Evolutionary changes in chitinozoan tests have been reported to include size decrease, shape change toward the development of a distinct neck with a spherical chamber, and acquisition of surface ornament (spines, carinae, processes) (Paris et al., 1999; Armstrong and Brasier, 2005). Paris (1981) predicted that early chitinozoans were large; this is consistent with the Cambrian material described here, and with some Early Ordovician representatives. Moreover, the Cambrian chitinozoans had some characteristic ornament and structures associated with chitinozoans of the Ordovician. Thus, these early representatives of Chitinozoa, as with the initial radiation of many metazoan clades during the Cambrian explosion, appear to show rapid innovation of some advanced traits (Lee et al., 2011). In addition, the newly discovered chitinozoan roots in the Cambrian explosion, together with their well-known radiation during the Great Ordovician Biodiversification Event (GOBE), might provide evidence for the hypothesis that there is a link between these two major early Paleozoic biological events, seen as clearly separate events by some, or as part of one larger event by others (Servais et al., 2010). The stratigraphic range of chitinozoans as a group has long been used (along with their paleoecology) to exclude a number of potential biological affinities; this will now have to be revised.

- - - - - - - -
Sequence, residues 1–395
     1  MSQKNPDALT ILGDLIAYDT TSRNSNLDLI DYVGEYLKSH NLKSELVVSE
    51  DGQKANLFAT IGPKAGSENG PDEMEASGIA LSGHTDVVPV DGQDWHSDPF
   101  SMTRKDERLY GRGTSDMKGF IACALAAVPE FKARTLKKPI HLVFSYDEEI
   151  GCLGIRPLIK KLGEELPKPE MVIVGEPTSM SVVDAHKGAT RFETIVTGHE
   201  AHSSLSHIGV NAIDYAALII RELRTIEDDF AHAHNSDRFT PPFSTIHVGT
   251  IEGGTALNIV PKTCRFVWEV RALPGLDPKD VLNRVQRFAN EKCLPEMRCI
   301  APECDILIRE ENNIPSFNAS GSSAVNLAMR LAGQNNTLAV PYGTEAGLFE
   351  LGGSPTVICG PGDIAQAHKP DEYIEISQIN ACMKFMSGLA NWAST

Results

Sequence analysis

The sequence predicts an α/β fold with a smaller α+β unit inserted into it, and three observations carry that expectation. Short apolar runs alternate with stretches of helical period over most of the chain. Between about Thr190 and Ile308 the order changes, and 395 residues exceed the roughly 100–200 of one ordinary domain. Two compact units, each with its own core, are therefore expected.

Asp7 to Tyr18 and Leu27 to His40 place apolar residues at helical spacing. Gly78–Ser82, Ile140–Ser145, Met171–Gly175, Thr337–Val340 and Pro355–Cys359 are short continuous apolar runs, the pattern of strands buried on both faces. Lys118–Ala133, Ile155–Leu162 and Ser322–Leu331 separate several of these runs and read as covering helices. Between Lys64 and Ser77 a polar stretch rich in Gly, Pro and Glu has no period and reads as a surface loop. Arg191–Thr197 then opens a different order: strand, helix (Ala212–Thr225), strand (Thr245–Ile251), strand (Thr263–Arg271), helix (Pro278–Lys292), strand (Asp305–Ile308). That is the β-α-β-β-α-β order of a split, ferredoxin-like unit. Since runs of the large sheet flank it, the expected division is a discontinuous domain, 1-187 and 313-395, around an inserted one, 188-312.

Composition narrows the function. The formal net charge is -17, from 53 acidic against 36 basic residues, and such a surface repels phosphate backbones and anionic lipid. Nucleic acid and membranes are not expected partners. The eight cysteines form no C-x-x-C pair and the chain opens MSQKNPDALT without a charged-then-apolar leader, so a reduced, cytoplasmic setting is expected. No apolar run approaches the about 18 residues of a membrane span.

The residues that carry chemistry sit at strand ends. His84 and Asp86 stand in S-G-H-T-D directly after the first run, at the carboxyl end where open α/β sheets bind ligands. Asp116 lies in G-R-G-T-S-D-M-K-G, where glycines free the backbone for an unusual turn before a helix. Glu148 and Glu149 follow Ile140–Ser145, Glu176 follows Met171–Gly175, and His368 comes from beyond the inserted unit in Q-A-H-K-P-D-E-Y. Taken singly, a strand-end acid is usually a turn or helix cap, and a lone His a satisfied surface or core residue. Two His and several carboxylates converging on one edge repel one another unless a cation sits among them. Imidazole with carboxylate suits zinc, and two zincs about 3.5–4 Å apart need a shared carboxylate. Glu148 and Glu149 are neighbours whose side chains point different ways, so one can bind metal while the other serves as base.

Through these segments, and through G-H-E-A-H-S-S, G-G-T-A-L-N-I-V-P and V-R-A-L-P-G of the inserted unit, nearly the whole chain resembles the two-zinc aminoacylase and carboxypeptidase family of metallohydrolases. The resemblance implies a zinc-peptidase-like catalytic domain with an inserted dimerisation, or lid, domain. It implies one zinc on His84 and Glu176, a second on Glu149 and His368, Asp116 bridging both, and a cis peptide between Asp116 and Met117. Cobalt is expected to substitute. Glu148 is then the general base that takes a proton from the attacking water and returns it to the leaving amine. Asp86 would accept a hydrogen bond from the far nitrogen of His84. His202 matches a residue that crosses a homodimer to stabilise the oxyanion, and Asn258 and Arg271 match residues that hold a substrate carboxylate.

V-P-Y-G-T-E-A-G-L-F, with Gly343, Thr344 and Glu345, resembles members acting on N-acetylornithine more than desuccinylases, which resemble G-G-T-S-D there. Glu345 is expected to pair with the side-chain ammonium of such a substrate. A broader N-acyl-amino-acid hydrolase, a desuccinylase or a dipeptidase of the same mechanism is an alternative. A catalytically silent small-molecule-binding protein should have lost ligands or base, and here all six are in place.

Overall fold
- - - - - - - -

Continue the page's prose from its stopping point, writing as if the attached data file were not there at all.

The minute circular perforations (ranging in diameter from ∼3.0 μm to 4.7 μm) concentrated around the base of Eisenackitina? sp. (Figs. 1C, 1F, and 1I) are comparable to the regular perforations or borings (Eisenack, 1968; Wrona, 1980) in later chitinozoans, interpreted to be formed by parasitic heterotrophic bacteria or fungi. Microborings have also been reported in other Cambrian Stage 3 phosphatic or phosphatized fossils, where they show selective infestation; this implies a heterotrophic mode of life for the infesting microorganisms (Zhang and Pratt, 2008). Likewise, these perforations in Eisenackitina? sp. may attest to an early origin and long history for the interrelationship between the parasites and their chitinozoan hosts.

CONCLUSIONS